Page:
By Cindy Wooden
VATICAN CITY — Saying he wanted to highlight the spiritual gifts of Opus Dei and its contributions to the Catholic Church’s evangelizing activities, Pope Francis said it will now work with and answer to the Dicastery for Clergy, rather than the Dicastery for Bishops.
In the apostolic letter “Ad Charisma Tuendum” (“For the protection of the charism”), released by the Vatican July 22, Pope Francis also said the head of the personal prelature of Opus Dei “will not be made, nor will he be able to be made” a bishop.
Msgr. Fernando Ocáriz, who was elected prelate of Opus Dei and approved by Pope Francis in 2017, said that while the first two prelates of Opus Dei were bishops, “the episcopal ordination of the prelate was not and is not necessary for the guidance of Opus Dei.”
Pope Francis said his decision was meant “to strengthen the conviction that, for the protection of the particular gift of the Spirit, a form of government based more on charism than on hierarchical authority is needed.”
“The pope’s desire to highlight the charismatic dimension of the Work (Opus Dei)” rather than its hierarchical structure, “now invites us to reinforce the family atmosphere of affection and trust: the prelate must be a guide but, above all, a father,” Msgr. Ocáriz said in a statement July 22.
In his letter, issued “motu proprio,” or on his own initiative, Pope Francis said that when St. John Paul II established Opus Dei as the first personal prelature in 1982, he did so to safeguard its charism, particularly its contributions to the church’s evangelizing mission by “spreading the call to holiness in the world, through the sanctification of work and family and social commitments.”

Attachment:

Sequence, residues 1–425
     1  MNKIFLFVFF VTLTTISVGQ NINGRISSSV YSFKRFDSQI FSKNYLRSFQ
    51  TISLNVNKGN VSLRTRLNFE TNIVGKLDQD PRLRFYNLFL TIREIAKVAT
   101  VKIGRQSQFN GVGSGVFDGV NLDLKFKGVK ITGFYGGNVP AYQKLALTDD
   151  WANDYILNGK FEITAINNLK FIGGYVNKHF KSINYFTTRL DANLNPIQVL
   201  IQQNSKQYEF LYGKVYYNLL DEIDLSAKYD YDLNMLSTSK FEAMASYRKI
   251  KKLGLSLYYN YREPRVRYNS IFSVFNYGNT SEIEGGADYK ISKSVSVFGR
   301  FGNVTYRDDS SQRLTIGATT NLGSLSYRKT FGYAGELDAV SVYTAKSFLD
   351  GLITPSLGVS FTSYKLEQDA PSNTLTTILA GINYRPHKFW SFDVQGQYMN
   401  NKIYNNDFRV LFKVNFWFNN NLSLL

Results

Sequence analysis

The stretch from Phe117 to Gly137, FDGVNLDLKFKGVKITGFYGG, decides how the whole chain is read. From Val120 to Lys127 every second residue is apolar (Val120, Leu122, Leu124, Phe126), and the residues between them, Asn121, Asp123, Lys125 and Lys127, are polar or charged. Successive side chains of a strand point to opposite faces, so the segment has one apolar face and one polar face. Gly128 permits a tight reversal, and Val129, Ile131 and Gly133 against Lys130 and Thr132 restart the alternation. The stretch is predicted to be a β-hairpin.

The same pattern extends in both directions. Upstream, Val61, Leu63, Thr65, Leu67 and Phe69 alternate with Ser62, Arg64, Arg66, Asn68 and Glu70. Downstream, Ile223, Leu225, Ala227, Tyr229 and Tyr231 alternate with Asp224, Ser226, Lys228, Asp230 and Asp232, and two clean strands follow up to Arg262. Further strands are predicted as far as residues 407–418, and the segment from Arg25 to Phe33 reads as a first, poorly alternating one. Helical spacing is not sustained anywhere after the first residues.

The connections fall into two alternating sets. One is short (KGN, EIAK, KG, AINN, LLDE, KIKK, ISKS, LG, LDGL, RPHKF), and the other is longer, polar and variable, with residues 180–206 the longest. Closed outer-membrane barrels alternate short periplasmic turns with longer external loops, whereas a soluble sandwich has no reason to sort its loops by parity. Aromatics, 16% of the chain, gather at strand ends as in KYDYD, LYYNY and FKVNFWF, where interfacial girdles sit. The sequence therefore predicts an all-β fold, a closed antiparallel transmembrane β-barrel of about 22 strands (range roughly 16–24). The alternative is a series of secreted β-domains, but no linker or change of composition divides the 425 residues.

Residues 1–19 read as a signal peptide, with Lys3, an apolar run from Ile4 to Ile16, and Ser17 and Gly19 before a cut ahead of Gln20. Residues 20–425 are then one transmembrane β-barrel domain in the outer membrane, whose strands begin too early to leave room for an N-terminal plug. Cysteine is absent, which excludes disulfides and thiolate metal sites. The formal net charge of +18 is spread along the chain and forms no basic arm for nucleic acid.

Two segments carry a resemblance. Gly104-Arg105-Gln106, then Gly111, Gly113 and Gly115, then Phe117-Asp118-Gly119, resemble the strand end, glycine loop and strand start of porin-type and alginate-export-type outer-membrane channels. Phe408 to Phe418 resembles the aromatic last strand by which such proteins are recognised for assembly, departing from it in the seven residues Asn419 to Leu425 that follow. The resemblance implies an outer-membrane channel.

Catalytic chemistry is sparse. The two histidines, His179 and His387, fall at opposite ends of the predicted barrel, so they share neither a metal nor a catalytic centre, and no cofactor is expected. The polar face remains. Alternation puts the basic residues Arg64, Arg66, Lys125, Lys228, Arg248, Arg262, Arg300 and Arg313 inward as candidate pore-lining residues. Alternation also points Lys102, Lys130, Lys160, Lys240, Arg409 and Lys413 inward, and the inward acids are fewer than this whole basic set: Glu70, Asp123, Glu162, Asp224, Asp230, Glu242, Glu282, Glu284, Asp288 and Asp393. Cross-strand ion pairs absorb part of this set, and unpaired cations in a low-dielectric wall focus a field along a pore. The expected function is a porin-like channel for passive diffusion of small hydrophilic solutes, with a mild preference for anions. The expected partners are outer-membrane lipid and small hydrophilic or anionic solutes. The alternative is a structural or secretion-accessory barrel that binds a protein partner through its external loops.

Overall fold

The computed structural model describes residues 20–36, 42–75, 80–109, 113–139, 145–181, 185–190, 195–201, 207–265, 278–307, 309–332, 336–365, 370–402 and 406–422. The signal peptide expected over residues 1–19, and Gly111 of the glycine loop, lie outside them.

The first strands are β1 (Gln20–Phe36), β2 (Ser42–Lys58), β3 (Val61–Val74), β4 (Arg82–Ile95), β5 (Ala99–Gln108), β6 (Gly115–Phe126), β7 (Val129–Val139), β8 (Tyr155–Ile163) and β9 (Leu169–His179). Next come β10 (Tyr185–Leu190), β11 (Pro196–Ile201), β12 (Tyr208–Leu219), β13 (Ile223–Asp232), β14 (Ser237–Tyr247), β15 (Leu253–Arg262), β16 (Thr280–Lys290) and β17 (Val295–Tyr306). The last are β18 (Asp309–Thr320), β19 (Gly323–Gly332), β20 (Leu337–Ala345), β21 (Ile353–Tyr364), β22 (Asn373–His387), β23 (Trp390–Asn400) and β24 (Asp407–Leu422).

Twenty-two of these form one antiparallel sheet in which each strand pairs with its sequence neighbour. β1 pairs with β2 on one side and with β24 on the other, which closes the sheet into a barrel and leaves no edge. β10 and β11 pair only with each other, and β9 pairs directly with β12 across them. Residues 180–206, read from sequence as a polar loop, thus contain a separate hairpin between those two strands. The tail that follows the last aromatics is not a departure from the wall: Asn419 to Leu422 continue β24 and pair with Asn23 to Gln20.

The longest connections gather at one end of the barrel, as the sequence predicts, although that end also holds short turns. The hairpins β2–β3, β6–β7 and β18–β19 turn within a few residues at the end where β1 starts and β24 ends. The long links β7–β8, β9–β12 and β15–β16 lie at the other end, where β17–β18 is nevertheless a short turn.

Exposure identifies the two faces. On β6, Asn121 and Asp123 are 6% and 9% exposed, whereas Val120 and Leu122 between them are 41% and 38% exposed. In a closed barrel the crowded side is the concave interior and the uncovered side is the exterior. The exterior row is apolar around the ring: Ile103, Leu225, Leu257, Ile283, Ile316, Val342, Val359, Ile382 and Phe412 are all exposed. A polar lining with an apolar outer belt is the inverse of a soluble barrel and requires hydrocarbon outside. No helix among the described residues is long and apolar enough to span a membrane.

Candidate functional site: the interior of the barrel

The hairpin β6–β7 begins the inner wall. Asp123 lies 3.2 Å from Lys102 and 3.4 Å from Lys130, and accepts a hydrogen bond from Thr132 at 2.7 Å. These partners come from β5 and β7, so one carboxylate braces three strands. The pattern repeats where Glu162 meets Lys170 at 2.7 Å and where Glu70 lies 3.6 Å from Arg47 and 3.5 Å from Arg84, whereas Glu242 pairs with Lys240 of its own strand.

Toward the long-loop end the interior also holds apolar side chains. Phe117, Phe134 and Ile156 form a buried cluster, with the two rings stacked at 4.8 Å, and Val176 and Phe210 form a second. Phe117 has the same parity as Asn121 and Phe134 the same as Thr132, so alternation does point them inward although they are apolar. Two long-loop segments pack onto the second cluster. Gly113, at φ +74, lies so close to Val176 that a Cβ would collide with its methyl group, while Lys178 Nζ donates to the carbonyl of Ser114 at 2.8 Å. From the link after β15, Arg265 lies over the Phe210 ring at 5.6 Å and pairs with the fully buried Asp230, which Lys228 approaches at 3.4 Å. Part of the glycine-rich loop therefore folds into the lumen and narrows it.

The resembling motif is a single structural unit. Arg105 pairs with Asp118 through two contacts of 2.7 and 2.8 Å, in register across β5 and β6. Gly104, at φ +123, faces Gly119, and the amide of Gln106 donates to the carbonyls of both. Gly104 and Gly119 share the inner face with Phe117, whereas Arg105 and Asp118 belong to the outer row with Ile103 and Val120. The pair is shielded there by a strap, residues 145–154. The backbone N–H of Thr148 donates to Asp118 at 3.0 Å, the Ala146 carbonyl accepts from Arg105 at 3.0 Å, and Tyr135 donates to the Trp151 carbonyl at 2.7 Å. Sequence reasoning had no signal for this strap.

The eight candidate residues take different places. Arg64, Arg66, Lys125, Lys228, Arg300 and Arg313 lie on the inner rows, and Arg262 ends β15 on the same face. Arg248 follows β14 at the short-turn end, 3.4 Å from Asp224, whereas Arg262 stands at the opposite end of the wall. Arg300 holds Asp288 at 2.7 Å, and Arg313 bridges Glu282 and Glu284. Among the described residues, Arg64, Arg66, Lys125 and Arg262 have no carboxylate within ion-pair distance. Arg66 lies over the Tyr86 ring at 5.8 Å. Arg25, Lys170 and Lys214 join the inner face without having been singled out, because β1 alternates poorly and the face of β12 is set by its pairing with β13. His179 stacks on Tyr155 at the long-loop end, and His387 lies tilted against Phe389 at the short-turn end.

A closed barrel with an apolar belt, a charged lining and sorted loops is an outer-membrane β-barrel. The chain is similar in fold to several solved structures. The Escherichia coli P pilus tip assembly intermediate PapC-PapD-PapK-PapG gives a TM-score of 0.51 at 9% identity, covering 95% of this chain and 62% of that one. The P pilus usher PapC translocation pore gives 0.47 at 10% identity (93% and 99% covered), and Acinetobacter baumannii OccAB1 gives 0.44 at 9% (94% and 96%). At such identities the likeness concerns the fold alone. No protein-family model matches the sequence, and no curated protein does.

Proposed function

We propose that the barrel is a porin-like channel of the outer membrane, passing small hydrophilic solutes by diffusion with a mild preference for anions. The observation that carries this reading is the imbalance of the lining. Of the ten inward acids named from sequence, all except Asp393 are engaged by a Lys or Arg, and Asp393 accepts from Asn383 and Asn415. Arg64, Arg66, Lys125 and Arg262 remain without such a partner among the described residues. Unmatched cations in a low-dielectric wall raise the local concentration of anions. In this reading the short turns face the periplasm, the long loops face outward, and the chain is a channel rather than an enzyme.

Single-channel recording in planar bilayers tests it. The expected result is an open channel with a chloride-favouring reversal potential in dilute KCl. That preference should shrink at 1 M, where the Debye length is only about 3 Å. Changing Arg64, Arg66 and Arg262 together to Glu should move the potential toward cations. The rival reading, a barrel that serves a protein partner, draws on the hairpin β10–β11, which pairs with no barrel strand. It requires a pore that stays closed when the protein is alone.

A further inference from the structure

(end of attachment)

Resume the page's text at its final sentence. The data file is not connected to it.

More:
Unlike a diocese or territorial prelature, a personal prelature unites clergy and laity committed to the same missionary or apostolic work. It can have its own seminaries and priests, as Opus Dei does.
Pope Francis noted that his new constitution on the Roman Curia gives the Dicastery for Clergy responsibility for relations with personal prelatures, “of which the only one so far erected is that of Opus Dei.”
Opus Dei counts about 93,400 members, of whom about 2,300 are priests incarnated in the prelature; another 2,000 priests are associated with Opus Dei but remain attached to their dioceses.